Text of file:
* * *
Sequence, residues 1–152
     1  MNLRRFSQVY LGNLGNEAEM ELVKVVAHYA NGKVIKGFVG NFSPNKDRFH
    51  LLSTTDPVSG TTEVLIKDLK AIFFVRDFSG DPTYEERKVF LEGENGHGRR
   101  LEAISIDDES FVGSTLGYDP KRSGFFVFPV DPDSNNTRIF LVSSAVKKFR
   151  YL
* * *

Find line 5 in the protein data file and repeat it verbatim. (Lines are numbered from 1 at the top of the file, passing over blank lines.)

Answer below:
   151  YL